Among the most difficult censorship cases, Goodman said, are those dealing with advisers being fired because of the content of the paper. Often, ?It?s legally permissible but you know it?s wrong,? he said. ?It?s very frustrating.?

One such case was that of John F. Schmitt, former adviser of The Peachite at Fort Valley State University, a small historically-black school in Georgia. The university had not renewed Schmitt?s contract in 1998 because of his refusal to censor the paper, which published articles that were critical of administrators. He sued and in 2002, won a $192,000 award, the largest of its kind. The settlement agreement included new guidelines to protect free speech and job security for advisers at The Peachite.

?Every time these cases come to the public?s attention and they?re resolved successfully, it continues one of the very principles our country was founded on, the First Amendment,? said Kathy Lawrence, president of College Media Advisers, a national journalism educators group. ?It?s the fuel that keeps this democracy humming along.?

Goodman hasn?t had 20 years of straight victory: A low point came in 1988, when the U.S. Supreme Court ruled in Hazelwood vs. Kuhlmeier that high school officials with ?substantial and reasonable? cause could censor a public school-sponsored publication that is ?inconsistent with its basic educational mission.? The ruling does not apply to colleges, but some try to use it to justify their censorship attempts.

Over the years, the Student Press Law Center has developed strategies to fight back. Having frank discussions with school administrators about the students? rights can often lead to compromises or decisions that support student publications. Other times, it is necessary to embarrass a university publicly over its censorship.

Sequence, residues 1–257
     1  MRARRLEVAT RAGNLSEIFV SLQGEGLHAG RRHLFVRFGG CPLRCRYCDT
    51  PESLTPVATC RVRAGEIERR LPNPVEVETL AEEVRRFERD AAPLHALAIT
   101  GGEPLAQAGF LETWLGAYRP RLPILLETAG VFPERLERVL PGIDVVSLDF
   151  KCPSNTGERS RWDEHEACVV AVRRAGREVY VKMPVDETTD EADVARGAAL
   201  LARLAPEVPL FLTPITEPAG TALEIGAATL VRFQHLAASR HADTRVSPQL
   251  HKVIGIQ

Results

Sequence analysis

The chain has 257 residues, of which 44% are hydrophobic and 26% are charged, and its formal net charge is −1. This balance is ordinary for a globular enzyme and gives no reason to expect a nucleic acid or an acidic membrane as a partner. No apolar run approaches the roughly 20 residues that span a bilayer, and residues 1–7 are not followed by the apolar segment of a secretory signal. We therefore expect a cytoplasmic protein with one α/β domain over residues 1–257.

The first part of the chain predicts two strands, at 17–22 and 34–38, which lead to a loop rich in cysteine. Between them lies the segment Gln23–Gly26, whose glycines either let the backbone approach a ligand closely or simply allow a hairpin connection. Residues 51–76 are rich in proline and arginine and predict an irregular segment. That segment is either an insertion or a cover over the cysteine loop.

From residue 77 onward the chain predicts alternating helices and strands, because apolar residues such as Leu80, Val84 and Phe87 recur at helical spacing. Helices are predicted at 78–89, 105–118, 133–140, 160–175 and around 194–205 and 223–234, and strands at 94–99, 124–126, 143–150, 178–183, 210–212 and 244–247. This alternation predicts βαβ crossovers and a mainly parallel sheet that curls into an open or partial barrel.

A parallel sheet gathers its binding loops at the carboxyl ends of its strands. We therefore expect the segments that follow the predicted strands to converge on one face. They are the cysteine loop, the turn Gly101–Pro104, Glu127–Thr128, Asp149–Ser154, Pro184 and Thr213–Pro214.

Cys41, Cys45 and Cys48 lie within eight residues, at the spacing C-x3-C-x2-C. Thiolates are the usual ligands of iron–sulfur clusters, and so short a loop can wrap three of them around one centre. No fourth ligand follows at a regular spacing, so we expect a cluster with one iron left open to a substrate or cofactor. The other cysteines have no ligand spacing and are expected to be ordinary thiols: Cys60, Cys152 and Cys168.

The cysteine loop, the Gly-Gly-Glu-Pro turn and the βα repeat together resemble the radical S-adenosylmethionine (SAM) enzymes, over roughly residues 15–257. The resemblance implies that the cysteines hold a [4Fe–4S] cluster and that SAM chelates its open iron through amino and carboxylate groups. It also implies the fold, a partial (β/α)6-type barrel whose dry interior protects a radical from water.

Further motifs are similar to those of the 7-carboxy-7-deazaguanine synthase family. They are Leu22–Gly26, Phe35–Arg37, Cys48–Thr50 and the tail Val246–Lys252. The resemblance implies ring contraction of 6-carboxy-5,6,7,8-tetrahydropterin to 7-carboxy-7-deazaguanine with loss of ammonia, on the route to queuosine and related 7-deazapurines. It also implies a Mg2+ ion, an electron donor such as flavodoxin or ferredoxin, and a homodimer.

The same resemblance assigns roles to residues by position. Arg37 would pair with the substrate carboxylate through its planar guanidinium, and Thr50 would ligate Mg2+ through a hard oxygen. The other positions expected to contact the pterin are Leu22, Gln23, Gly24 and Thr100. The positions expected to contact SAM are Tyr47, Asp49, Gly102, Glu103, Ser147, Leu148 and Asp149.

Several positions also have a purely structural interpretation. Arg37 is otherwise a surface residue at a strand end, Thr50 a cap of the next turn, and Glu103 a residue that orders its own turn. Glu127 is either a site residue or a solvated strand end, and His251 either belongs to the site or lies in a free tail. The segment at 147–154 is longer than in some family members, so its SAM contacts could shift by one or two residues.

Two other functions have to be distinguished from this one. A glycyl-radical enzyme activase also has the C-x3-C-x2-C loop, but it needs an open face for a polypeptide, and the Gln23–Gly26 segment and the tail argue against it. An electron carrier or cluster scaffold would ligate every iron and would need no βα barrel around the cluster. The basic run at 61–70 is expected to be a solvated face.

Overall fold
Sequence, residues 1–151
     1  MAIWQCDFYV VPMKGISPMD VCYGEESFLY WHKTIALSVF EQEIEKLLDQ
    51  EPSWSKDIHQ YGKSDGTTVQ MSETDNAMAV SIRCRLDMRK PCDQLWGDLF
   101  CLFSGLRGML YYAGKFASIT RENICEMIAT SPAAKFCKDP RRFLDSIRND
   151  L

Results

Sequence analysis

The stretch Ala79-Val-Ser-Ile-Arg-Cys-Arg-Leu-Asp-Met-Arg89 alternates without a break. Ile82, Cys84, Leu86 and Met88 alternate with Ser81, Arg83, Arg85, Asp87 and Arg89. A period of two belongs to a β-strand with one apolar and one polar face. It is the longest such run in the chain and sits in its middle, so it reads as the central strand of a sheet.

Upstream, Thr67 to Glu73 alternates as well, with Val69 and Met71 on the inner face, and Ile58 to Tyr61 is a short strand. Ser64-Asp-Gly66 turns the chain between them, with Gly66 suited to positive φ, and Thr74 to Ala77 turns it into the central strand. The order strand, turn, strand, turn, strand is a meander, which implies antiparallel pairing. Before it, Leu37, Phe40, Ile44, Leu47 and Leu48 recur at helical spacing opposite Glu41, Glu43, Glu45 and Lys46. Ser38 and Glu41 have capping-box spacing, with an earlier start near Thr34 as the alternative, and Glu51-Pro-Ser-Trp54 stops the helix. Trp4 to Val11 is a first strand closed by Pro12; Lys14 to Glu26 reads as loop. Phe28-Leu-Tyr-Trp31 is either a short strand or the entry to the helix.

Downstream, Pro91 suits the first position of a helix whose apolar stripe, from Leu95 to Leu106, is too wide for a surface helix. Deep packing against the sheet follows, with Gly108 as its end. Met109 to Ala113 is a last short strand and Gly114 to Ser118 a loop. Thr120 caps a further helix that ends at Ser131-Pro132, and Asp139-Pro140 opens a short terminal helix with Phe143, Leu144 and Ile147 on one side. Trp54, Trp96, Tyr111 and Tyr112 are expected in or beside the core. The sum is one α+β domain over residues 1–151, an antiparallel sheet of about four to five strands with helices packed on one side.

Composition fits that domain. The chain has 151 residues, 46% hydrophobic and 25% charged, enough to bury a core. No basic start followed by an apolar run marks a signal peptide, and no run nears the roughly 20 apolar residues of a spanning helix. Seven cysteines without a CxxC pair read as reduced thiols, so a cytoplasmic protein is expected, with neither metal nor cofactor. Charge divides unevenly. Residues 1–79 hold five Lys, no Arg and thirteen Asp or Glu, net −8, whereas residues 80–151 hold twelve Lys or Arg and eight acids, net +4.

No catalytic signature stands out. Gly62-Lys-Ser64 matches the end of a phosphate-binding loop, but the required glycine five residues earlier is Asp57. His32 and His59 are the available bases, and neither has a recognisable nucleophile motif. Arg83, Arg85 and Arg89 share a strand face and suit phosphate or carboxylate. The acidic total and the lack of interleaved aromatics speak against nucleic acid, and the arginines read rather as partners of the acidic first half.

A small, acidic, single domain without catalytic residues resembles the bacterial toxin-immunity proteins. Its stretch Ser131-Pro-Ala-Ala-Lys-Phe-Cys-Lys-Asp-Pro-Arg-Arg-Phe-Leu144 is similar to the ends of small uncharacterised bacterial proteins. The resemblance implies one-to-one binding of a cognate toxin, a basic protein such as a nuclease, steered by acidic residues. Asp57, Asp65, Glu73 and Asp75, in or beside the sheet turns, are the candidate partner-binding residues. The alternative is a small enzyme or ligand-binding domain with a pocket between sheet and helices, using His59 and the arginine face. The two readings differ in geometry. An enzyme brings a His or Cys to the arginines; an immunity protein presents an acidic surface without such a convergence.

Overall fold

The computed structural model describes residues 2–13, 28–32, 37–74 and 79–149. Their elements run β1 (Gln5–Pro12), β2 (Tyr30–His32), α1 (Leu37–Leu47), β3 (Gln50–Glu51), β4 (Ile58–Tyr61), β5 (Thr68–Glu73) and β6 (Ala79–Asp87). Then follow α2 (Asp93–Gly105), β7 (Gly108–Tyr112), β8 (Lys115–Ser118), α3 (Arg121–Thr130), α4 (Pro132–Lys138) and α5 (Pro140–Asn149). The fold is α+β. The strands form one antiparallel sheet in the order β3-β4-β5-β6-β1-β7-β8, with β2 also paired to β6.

Sometimes, as when 6,000 copies of The Herald were stolen recently by a fraternity at Arkansas State University, a newspaper just wants guidance. ?There needs to be a central place to get sound advice, particularly about legal issues,? said the adviser, Bonnie Thrasher. ?None of us are that familiar with dealing with it. The SPLC serves as that place.?

Goodman never expected to make a career of SPLC advocacy.

He grew up on a cattle farm in Versailles, Mo., where his father subscribed to eight newspapers.

While a journalism student at the University of Missouri, he got a scoop about a prostitution ring on campus. ?If you write this story, be prepared to go to jail,? a lawyer told him when he sought advice. As he was in the midst of applying to law school, he decided to drop the story.

?To this day, I regret that decision,? Goodman added. ?I would?ve rather gotten advice as to finding a solution for writing the story. Instead, this lawyer scared me off from doing the story.?

An internship at the Student Press Law Center gave him a chance to be the giver of advice, and paved the way to his future career. He became SPLC?s director in 1985 and it was his first job out of college.

?When I came here, I only planned to stay for two to three years, but it?s 20 years later and I?m still here,? Goodman said. ?Frankly, though, I don?t think I?ll ever find work more satisfying than this.?